Master's degree programs in nursing often offer a specialization in adult cardiovascular care. In these programs, nurses study different types of cardiovascular diseases and their treatments and gain hands-on clinical experience. Graduates can qualify to apply for nurse practitioner certification, which requires passing an examination in addition to completing a master's or post-master's program.
A cardiology nurse fellowship program is a 1-year course of study for nurses with master's degrees. These programs generally have no classes; the training is in a clinical situation, working with cardiac patients for the duration of their hospital stay. In addition to learning to care for the patients, nurses also develop their communication skills with physicians and hospital staff as well as the patients and their families.
In a doctoral program, nurses with graduate degrees develop their leadership and clinical skills. Even if a program doesn't specifically offer a concentration in cardiovascular nursing, there are usually many options for pursuing this specialty. Doctoral students develop their research skills and analyze various aspects of health care through independent research and projects.
In terms of admissions requirements, a bachelor's degree, GRE/GMAT scores and a letter of recommendation are required for entry into a master's program, a master's degree as a nurse practitioner is required for a fellowship and a master's degree as a nurse practitioner and licensure is required for entry into a Doctor of Nursing program.
Master of Science in Nursing
Individuals interested in attaining a nursing master's degree can specialize in adult cardiovascular care. This program teaches students how to treat cardiovascular disease and to understand the effect of treatment on patients. Various cutting-edge techniques for alleviating and treating cardiac distress and disease are taught, as well as a review of the theories of older methods and medications. Relevant courses offered in these as well as most general nursing programs discuss:
- History of cardiovascular disease
- Treating cardiovascular disease
- Nursing practices and theories
- Mentality of a patient
Cardiology Nurse Practitioner Fellowship
This highly exclusive postgraduate fellowship teaches participants about cardiovascular diseases; specifically, students learn how to diagnose them and the most cost-effective ways to treat them. Participants do not have a typical class schedule in this program; they work four shifts of about 10-12 hours each week at the hospital. In this hands-on approach, students will work with patients incurring cardiovascular problems and their respective physicians or surgeons. Not only do fellowship enrollees learn all the steps of the diagnosis and treatment cycle, but they will also learn communication skills and how to interact with the patients and their families.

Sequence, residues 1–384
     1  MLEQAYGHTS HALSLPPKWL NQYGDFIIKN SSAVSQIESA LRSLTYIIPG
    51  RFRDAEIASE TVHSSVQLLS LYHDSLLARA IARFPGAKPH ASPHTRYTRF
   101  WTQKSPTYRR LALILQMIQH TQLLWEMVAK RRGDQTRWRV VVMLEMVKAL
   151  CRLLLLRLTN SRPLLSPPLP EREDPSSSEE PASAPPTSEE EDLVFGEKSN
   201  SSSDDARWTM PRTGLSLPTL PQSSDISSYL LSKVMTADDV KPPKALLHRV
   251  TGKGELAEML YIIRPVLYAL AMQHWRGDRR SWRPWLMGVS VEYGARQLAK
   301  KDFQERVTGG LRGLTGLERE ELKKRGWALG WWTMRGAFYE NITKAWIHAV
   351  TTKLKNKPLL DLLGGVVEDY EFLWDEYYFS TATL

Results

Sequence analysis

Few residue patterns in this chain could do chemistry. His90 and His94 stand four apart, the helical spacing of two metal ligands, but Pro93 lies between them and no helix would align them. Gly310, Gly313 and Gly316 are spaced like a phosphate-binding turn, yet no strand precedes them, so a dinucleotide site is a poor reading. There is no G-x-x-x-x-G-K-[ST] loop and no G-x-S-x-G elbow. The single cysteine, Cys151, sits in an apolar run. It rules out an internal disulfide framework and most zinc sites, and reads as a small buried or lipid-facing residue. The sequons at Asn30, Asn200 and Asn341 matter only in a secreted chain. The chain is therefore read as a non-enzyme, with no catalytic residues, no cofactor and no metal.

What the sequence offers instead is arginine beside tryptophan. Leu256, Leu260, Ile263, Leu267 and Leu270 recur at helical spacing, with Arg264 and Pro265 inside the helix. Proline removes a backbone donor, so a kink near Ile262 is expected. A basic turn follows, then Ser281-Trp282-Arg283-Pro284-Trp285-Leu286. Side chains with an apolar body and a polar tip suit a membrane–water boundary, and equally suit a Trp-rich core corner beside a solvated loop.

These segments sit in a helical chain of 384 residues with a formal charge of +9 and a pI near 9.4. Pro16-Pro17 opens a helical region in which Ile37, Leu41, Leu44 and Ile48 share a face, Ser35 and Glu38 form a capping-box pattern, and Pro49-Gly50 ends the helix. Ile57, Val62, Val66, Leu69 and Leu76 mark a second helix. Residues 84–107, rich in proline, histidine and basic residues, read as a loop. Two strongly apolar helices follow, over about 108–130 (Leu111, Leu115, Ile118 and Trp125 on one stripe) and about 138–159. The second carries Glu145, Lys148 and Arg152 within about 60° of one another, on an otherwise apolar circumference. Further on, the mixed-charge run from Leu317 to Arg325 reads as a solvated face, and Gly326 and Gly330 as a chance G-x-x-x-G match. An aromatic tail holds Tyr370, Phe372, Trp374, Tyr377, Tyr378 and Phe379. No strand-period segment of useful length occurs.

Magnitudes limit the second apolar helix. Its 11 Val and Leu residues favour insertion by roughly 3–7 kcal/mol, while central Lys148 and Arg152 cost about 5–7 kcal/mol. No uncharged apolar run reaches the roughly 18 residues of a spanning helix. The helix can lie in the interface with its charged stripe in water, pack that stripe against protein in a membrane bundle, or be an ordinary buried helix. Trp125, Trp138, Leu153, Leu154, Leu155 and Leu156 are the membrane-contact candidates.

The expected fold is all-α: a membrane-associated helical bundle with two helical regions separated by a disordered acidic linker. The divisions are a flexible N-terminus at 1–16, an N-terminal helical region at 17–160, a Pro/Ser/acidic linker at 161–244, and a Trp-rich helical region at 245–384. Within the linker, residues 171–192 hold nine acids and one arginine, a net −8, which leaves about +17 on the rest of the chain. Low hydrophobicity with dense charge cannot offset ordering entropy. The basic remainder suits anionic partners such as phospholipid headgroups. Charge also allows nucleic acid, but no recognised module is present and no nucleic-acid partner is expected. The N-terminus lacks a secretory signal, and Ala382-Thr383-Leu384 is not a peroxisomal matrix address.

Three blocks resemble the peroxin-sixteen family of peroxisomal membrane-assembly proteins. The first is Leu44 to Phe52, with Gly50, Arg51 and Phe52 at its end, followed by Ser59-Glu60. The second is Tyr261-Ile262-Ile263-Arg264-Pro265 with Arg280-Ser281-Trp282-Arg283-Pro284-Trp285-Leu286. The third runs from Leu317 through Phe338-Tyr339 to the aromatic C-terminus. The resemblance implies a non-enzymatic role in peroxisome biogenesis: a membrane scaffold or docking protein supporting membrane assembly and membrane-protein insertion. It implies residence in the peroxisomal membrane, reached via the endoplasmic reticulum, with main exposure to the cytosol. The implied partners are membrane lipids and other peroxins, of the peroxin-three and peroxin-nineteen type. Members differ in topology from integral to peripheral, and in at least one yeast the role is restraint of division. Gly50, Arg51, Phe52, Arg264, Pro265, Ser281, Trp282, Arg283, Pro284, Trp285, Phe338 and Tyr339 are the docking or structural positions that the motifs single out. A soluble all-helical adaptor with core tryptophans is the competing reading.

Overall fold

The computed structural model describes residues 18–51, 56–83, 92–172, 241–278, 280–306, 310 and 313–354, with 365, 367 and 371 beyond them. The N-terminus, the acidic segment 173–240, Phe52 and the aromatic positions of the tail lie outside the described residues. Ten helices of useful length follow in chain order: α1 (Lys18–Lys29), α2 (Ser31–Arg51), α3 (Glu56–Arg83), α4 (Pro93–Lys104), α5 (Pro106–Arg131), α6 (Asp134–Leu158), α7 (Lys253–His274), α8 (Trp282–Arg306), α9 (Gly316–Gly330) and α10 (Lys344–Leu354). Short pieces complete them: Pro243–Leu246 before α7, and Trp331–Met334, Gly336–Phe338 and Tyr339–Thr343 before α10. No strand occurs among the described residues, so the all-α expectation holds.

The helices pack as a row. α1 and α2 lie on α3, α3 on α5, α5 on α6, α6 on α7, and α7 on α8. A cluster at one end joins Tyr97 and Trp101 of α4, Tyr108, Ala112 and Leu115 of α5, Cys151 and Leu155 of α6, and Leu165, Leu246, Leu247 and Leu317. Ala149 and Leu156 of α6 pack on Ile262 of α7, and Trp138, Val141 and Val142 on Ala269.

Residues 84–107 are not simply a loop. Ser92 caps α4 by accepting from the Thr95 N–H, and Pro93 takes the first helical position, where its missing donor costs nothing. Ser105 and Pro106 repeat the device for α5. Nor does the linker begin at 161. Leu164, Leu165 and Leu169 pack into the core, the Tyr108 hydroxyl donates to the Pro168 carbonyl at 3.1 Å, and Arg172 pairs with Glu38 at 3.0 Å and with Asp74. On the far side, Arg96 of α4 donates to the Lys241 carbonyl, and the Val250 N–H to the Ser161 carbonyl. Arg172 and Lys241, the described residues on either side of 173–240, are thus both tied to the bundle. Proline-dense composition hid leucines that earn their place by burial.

Doctor of Nursing Practice Program
This program teaches those who already have graduate school experience to become more qualified to work in high positions of health care. Professionals learn to analyze, create, and change health care policies, procedures, and surgical methods or tools for current and future treatments. Some programs offer a cardiology concentration that teaches students specifically about cardiovascular disease and treatment. Independent research and projects then focus on the cardiac field. Courses also prepare students to work in all areas of nursing, with diverse populations in terms of age, ethnicity, and class. Even programs that do not offer a cardiac nursing practitioner specialization provide courses about cardiovascular functions and disease, potentially addressing:
- Risk assessment
- Advanced adult cardiovascular nursing
- Pediatric heart health
Employment Outlook and Salary Info
According to a report published by the BLS in May 2015, nurse practitioners in general earned a median of $98,190 a year. The number of employed licensed practical and licensed vocational nurses was expected to increase 16% between 2014 and 2024, notes the BLS, which was faster than the national average.
Those interested in becoming certified as a nurse practitioner can take the American Academy of Nurse Practitioners Certification Program's National Certification Examination. These exams are made up of 150 multiple-choice questions. Upon successful completion of this test, nursing practitioners can cite a NP-C next to their name on resumes. In order to gain acceptance to this test, individuals must have graduated from an approved master's or post-master's degree program. Certification is available in the areas of family, adult, and gerontological nurse practitioner.
Training for cardiac nurse practitioners is available to registered nurses, with or without a master's degree. The level of study required, depends on a nurse practitioners current qualifications; master's holders can undertake a fellowship or study towards a doctorate program.